The contrarian-minded group has suffered some periods of underperformance but over time, long-term-focused investors have been amply rewarded.
• Pimco GIS Global Bond is another fund that has consistently featured among the largest funds in the global bond space. It holds a Morningstar Analyst Rating of Bronze. The fund has been co-managed by Andrew Balls (pictured), Sachin Gupta and Lorenzo Pagani since September 2014.
In contrast to Templeton’s positioning, the largest allocations here are typically government debt from the US and eurozone. Nevertheless, the fund’s sector and regional weights can shift significantly over short periods. The strategy allows for considerable flexibility, including investments in corporate and securitised credit and emerging market debt, which the team has historically used to good effect.
• Pimco GIS Global Investment Grade Credit has produced exceptional returns over the past three years. Mark Kiesel (pictured) has run this fund since its 2012 inception and the US-domiciled version since 2002. He draws on the firm’s myriad resources for ideas and follows a multi-faceted approach.
Pimco’s macroeconomic analysis gets translated into guidance by the investment committee. This informs the fund’s overall risk level, interest-rate positioning and off-benchmark exposures.
The bottom-up fundamental work of the team’s 50-plus credit analysts, combined with the 20-plus corporate portfolio managers taking the market’s pulse, drive the fund’s credit selection.
The fund holds a Morningstar Analyst Rating of Silver.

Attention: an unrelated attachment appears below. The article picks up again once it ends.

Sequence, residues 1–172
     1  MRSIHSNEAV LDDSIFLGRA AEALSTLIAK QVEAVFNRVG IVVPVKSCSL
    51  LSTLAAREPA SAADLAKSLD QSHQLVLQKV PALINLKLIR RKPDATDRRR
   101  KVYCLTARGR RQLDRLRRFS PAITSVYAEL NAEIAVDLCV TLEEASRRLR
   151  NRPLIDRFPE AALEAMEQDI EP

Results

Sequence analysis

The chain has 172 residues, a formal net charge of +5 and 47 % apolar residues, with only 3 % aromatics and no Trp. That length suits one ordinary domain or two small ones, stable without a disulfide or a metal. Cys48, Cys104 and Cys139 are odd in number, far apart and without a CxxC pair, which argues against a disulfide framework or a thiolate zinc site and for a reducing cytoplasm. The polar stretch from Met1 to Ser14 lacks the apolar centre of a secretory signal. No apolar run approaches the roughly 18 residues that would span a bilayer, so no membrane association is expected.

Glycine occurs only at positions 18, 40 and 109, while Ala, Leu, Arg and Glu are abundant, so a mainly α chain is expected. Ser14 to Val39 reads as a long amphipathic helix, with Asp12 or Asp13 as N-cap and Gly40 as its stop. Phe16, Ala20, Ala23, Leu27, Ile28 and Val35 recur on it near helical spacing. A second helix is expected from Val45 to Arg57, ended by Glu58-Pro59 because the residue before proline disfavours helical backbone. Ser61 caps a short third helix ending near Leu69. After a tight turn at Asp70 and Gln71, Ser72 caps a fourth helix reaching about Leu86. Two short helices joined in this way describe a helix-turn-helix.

• Robeco Global Credits, rated Silver, has delivered solid returns over the past three years through strong credit selection and, to a lesser extent, beta positioning. Lead manager Victor Verberk (pictured) has steered the fund since inception in 2014, supported by two co-managers in an experienced team.
They are supported by Robeco’s 19-strong credit team, that covers both investment grade and high yield bonds. The process combines top-down beta positioning and bottom-up security selection, with an emphasis on the latter. This process gives sufficient leeway – the fund has a maximum tracking error of 5% relative to its benchmark – to add value against the benchmark and peers.
Most of the recent launches have been in the short-duration space or are passive offerings.
• The Robeco Global Credits Short Maturity Fund, launched in 2017, is a short-duration unconstrained global credit fund, managed by lead manager Victor Verberk and backed by the same team steering the Silver-rated Robeco Global Credits.